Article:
Widespread media coverage has made mold a concern for many homeowners and business owners. It's also a hot topic for your customers in the real estate and building construction industries. As a painting contractor, you need to be informed so you can help your customers combat this challenge. Here are some of the most frequently answered questions about mold:
What is mold?
Mold is a rapidly reproducing microscopic fungus that feeds on decomposing organic matter.
Why is mold a problem?
Many molds are harmless, and are, in fact, a vital part of our ecosystem. But, if you've ever gotten food poisoning or suffered from allergies, you know that all molds are not benign. Some molds create toxins, which can seriously affect the health of plants, animals and people.
Where do you find mold?
Homes make an ideal growing place for mold. Molds thrive in temperatures between 60° and 100° F, where moisture and an abundant food supply are present.
Are certain surfaces more susceptible to mold?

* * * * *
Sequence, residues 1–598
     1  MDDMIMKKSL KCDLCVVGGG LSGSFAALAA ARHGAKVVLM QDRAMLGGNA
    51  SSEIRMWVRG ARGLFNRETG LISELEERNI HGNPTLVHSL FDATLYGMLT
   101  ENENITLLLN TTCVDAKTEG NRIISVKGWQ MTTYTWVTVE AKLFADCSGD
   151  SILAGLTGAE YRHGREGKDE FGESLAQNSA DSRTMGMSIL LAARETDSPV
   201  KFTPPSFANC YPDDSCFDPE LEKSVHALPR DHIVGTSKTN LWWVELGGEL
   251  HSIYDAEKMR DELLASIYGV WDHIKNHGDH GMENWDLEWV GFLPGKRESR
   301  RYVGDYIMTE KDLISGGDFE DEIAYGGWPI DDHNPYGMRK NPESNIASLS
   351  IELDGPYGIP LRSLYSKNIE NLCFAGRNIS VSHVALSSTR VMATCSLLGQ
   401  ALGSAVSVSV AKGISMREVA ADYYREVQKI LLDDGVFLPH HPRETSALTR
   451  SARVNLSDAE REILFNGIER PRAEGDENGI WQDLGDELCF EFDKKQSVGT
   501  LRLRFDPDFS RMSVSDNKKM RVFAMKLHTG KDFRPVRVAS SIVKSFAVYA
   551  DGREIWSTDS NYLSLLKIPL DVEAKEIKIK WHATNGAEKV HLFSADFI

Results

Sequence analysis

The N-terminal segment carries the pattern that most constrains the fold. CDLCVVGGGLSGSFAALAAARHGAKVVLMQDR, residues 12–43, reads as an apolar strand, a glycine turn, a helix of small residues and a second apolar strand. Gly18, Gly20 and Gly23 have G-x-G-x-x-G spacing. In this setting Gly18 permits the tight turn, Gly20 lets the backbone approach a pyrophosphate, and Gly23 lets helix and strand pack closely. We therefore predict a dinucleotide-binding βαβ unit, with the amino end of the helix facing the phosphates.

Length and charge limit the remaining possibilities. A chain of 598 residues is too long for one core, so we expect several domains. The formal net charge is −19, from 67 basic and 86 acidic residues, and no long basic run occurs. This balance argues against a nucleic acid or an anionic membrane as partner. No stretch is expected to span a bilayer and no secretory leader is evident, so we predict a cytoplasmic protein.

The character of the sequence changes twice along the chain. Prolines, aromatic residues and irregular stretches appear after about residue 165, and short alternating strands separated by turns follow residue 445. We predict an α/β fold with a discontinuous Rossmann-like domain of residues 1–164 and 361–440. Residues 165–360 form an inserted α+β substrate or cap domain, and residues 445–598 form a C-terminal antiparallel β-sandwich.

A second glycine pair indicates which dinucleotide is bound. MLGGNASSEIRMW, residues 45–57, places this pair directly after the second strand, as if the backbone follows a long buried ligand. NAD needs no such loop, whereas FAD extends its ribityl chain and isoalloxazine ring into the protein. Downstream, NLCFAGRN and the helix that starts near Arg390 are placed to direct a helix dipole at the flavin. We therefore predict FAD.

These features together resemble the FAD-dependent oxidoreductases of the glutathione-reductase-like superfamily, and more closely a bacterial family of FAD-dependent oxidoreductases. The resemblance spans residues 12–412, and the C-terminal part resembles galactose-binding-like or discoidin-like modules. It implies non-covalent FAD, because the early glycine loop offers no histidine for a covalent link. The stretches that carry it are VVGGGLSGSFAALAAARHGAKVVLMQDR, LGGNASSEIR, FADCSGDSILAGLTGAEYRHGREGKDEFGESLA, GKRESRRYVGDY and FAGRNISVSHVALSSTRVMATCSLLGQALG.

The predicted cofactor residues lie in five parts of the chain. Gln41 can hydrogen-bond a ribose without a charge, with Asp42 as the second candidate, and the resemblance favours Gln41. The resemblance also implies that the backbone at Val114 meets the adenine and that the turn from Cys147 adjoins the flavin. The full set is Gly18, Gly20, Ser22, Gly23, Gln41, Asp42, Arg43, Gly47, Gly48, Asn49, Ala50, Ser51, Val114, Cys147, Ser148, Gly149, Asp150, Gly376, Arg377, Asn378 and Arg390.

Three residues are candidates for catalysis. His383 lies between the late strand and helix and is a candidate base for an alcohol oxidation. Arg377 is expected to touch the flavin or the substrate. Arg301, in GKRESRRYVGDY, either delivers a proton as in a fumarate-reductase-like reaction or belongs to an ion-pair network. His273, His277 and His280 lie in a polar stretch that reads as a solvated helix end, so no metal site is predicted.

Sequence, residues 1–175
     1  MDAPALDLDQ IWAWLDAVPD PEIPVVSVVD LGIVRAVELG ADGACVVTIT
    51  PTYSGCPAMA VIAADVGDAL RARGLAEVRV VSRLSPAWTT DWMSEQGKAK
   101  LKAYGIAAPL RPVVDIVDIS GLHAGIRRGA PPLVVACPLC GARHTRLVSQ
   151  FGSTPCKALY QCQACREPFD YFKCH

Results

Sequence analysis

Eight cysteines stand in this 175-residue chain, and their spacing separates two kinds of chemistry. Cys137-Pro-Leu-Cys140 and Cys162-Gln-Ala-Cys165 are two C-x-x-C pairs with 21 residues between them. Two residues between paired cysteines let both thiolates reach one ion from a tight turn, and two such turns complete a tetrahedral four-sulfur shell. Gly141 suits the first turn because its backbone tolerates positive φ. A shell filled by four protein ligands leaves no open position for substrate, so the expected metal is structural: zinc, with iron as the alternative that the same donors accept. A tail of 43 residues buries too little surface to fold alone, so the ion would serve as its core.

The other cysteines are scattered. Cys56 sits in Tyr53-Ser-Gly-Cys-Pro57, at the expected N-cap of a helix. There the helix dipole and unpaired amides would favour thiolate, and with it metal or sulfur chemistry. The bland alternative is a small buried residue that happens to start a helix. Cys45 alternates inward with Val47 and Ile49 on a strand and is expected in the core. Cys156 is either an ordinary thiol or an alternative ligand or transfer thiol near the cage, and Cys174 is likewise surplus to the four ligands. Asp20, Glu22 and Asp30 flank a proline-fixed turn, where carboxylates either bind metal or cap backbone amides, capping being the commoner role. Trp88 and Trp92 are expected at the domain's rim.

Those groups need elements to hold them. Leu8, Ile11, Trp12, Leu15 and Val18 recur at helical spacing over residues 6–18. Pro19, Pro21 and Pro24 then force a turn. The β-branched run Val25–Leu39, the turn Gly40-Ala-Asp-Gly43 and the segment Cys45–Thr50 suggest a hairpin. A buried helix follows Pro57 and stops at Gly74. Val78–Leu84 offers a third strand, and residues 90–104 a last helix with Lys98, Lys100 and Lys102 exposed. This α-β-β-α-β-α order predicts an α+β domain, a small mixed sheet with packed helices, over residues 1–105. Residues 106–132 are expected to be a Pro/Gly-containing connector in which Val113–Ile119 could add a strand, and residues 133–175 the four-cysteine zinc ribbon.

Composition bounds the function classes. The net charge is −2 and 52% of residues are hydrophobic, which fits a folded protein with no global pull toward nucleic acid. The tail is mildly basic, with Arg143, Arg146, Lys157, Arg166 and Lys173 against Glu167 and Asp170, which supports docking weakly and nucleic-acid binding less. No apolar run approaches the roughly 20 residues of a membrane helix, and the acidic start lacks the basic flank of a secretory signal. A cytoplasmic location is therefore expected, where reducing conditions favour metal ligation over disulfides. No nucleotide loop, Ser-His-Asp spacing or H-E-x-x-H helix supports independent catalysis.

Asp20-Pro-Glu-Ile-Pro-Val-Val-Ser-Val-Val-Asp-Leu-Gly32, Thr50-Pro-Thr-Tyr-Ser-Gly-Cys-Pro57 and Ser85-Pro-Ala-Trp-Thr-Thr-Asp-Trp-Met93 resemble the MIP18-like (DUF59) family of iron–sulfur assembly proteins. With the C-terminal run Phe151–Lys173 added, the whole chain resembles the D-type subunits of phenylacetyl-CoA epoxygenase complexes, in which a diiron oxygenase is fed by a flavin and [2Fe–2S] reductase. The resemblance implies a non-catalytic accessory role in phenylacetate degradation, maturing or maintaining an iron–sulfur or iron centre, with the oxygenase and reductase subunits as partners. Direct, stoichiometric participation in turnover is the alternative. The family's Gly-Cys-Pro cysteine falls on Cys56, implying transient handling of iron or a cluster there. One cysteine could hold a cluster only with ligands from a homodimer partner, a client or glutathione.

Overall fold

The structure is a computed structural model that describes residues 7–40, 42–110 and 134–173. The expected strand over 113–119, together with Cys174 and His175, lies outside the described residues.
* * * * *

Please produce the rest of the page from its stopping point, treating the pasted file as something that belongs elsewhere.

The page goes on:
Yes. Building materials like drywall, gypsum wallboard, wood, adhesive, ceiling tiles, paint, plywood, paper and cardboard all contain cellulose, which is a source of food for molds.
Is mold the same as mildew?
They are similar but not the same. Mildew is a mold-like organism that feeds on organic tissues. In homes, mildew thrives on damp surfaces, especially in kitchens and bathrooms.
Is there anything I can do as a painter to combat mold?
One good starting point is to use paints with anti-microbial properties, such as Sherwin-Williams Harmony and Duration Home.
What if I find mold growing in a project I am painting?
Mold growing on non-porous surfaces can be cleaned with a detergent. But the affected parts of porous surfaces such as drywall must be completely replaced, and the area must then be cleaned thoroughly.
What about wood trim?
A semi-porous surface like solid wood, if infected, may require a combination of cleaning and replacing, depending on the severity of mold growth.
Is there any other advice I can give to my customers on how to reduce mold growth in their homes and businesses?
Sure. Some good steps are to seal ductwork, to allow for proper drainage of rainwater, and to exhaust moist air and allow fresh air to circulate indoors.